The last construct of identity is the relationship between the center and the not-center. It is my understanding that this relationship is determined by the use of the same language of the various visual tones and implications that can be interpreted. Many people may look at self-portrait images - and although recognize the ghostly visual language that is being presented - but yet not feel the personal impact of these pieces of art meant by the artist. Without background information the relationship between the center and not-center cannot be fully related to the viewer. Without such information the viewer could read a variety of meanings based on their own cultural and life experience. From the perspective of the artist, the relationship between the center and not-center is the battle between the two as the center’s desire to create a protective wall with the ghastly appearance while tearing down the not-center’s characteristics that defines the subject in the such photographs. Their relationship is at odds.

In conclusion, deconstructing self-portraiture was a study in releasing the monophony of a very loud heteroglossia. With that, it was also meant to provide a voice to unspeakable things. Although some might find this method of understanding ones identity as melodramatic or theatrical, it is still a very real part of learning about who the artist is.

On Melancholy

Since I was a child I have struggled with the fact that I may be an empath— one who is greatly affected by the moods of others, environmental stimulation, and a general perceptiveness of things left unspoken. The empath is susceptible to feeling the tugs of longing. This is where melancholy comes in. It is in melancholy that the empath thrives; through feeling deeply and interconnected in the sadness of a fleeting moment that may go unnoticed by others. And it is not a depression, as we commonly associate with sadness, but a celebration of what once was. Today I explore how melancholy has contributed to my artistic practice manifesting itself as a body photographs, found objects, and writing in the culmination of the book Last in the Woods.

Defining and Demystifying Melancholy (Saudade, Huzun, Duende, etc…):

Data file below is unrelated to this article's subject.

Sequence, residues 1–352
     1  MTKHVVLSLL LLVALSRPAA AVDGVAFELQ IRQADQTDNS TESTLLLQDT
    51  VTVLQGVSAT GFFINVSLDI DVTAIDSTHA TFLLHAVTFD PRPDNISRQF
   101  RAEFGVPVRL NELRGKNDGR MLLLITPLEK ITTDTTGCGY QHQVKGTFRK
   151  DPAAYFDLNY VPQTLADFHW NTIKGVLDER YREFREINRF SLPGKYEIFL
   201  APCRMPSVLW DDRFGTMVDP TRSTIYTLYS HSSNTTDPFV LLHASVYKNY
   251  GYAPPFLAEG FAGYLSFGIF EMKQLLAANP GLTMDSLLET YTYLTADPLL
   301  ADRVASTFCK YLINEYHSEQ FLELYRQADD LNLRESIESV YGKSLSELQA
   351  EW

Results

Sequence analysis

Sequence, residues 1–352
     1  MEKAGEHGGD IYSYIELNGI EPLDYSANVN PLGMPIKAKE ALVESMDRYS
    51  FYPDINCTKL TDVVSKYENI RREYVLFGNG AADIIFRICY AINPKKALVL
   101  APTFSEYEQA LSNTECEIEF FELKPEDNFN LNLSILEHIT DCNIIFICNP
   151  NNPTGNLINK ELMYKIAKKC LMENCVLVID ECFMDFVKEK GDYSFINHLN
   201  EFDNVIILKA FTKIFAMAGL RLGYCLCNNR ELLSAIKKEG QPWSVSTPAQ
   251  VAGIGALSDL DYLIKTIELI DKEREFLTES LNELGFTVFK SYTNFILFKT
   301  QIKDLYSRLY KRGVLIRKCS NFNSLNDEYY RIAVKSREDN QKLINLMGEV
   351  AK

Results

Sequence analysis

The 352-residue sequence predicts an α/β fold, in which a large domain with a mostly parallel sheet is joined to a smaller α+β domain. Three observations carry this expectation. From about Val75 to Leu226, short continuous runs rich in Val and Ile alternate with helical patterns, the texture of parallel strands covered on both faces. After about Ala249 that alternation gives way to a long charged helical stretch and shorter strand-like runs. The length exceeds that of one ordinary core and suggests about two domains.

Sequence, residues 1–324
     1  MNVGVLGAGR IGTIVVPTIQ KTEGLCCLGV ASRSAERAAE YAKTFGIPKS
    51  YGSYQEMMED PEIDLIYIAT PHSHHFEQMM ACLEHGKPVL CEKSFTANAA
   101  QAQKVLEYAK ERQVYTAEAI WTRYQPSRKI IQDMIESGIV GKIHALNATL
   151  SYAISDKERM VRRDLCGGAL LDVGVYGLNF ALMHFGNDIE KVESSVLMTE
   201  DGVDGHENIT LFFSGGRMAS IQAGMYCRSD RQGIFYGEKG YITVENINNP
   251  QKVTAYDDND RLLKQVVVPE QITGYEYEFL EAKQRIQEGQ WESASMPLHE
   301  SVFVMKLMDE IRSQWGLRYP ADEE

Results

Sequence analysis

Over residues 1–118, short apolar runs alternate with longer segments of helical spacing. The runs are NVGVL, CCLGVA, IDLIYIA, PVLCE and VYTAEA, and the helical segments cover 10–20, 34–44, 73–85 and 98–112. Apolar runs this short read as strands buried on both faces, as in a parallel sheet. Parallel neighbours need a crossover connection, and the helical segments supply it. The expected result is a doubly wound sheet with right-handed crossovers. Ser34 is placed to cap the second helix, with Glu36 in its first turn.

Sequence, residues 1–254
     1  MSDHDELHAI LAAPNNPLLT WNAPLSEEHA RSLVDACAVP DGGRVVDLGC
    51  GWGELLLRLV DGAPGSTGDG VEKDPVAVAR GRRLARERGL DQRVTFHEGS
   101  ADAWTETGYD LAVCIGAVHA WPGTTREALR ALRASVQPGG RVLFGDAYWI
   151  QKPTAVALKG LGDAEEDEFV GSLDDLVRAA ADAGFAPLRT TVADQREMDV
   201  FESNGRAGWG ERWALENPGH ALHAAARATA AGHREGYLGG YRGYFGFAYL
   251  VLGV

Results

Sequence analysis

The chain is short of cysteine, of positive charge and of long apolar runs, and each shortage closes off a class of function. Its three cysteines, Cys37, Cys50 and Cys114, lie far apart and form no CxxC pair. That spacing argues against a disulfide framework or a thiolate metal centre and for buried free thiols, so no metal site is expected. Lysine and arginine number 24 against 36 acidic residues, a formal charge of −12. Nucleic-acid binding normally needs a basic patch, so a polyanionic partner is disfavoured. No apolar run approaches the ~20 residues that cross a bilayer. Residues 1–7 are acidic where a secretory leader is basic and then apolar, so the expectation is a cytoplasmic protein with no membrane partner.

In the english language the definition of melancholy is defined as: a sad mood or feeling (Merriam-Websters Online). The extended definition is simply a depression. The thesaurus also suggests such words as dejected, unhappy, miserable, wretched, and joyless. It is not surprising that most native english speakers retract from melancholy because it is inherent in not only its definition but our cultural values to seek out and embrace the exact opposite. The antonym of melancholy is cheerful. 

Turning towards the macabre or simply being the voice of a critical thinker can easily gain one the status as the downer at the party. We live in a culture of neo-enlightenment where yoga, mindfulness, and fostering empathy is seen commoditized in order to rewrite malaise or apathy into happiness. Notice, I didn’t use the word melancholy here. I believe that at the core of our dissatisfaction (which often is confused for melancholy) is simply because of boredom. I digress. Yet, we forget that the essence of some of our most celebrated eastern religions can be viewed as being rooted in becoming one with our melancholy as a path towards enlightenment. The Japanese know this to be true in Wabi-Sabi where the impermanent and incomplete have defined an entire aesthetic philosophy. Yet again, we buy into these movements without realizing that celebrating impermanence is at the core of what melancholy means across the globe, not realizing that simply because melancholy— the embracing of depression, sadness, and the joyless is not marketed to us. In this model of thinking; embracing melancholy will guide us away from happiness. The Japanese word for the melancholy that describes the profoundness of the impermanence of things is also called mono no aware (a-wah-ray). Or one of the direct translations being; “a sensitivity or awareness towards ephemera.”